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J Consult Clin Psychol. 2006 Feb;74(1):42-54.

Juvenile drug court: enhancing outcomes by integrating evidence-based treatments.

Author information

  • 1Family Services Research Center, Department of Psychiatry and Behavioral Sciences, Medical University of South Carolina, Charleston, SC 29425, USA. henggesw@musc.edu

Abstract

Evaluated the effectiveness of juvenile drug court for 161 juvenile offenders meeting diagnostic criteria for substance abuse or dependence and determined whether the integration of evidence-based practices enhanced the outcomes of juvenile drug court. Over a 1-year period, a four-condition randomized design evaluated outcomes for family court with usual community services, drug court with usual community services, drug court with multisystemic therapy, and drug court with multisystemic therapy enhanced with contingency management for adolescent substance use, criminal behavior, symptomatology, and days in out-of-home placement. In general, findings supported the view that drug court was more effective than family court services in decreasing rates of adolescent substance use and criminal behavior. Possibly due to the greatly increased surveillance of youths in drug court, however, these relative reductions in antisocial behavior did not translate to corresponding decreases in rearrest or incarceration. In addition, findings supported the view that the use of evidence-based treatments within the drug court context improved youth substance-related outcomes. Clinical and policy implications of these findings are discussed.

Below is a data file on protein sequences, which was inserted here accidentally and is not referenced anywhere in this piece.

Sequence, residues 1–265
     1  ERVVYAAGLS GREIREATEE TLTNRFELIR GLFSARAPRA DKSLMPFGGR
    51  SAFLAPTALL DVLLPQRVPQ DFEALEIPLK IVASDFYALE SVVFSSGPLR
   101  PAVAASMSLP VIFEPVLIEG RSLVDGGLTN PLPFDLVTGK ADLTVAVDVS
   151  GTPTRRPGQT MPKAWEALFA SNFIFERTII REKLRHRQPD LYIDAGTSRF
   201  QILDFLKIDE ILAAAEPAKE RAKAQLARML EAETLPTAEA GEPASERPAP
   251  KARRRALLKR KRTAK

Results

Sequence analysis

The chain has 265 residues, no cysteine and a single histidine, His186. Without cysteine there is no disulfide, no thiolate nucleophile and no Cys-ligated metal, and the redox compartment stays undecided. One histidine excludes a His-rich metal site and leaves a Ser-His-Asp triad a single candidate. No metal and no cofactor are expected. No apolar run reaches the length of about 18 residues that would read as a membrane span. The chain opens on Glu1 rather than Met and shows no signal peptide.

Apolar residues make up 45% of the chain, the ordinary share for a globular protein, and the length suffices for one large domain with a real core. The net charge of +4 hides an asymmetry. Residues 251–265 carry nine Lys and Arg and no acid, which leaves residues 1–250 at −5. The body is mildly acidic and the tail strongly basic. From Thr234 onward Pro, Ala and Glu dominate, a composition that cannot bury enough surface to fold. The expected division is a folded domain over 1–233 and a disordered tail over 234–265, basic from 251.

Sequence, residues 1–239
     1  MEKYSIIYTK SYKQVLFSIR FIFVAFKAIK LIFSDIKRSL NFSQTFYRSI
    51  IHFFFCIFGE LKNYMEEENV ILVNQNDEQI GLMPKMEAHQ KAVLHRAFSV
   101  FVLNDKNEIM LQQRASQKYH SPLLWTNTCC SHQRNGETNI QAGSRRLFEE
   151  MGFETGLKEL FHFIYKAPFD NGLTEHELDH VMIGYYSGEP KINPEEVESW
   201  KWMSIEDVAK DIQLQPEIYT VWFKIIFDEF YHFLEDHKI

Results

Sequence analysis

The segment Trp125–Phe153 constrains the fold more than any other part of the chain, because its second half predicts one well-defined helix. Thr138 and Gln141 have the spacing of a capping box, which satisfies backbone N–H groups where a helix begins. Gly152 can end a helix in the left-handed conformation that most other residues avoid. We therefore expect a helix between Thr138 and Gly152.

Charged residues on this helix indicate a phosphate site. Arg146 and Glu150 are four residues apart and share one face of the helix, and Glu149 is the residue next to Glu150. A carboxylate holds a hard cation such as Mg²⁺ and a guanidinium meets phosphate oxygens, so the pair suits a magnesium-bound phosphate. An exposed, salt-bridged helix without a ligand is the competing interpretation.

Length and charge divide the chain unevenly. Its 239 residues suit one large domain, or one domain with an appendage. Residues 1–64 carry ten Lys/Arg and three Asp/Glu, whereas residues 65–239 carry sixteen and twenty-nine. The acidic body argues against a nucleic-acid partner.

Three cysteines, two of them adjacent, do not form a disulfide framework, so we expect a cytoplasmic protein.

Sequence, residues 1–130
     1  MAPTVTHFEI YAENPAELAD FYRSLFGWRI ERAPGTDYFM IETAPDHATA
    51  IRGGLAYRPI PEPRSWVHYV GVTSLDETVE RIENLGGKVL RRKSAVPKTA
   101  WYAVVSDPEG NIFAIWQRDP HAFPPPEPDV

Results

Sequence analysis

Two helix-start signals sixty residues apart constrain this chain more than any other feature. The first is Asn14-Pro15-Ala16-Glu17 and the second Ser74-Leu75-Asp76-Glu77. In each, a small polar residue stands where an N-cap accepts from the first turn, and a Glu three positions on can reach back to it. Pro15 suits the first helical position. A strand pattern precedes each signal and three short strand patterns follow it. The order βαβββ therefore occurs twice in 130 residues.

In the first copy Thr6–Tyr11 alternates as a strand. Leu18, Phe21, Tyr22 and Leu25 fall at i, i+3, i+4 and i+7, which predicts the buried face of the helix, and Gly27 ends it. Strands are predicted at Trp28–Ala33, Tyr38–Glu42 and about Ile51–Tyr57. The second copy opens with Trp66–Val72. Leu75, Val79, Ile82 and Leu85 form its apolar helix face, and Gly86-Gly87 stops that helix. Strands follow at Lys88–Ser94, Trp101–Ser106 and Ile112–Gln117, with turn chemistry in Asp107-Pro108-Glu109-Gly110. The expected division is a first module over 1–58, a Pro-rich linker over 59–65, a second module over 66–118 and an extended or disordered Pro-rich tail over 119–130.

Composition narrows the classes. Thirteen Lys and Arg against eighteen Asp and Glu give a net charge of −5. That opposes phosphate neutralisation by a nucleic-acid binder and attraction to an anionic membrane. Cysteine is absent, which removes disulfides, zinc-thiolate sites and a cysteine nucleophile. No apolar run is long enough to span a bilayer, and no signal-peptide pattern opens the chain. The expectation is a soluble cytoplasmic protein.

Copyright (c) 2006 APA, all rights reserved.

PMID:
16551142
[PubMed - indexed for MEDLINE]
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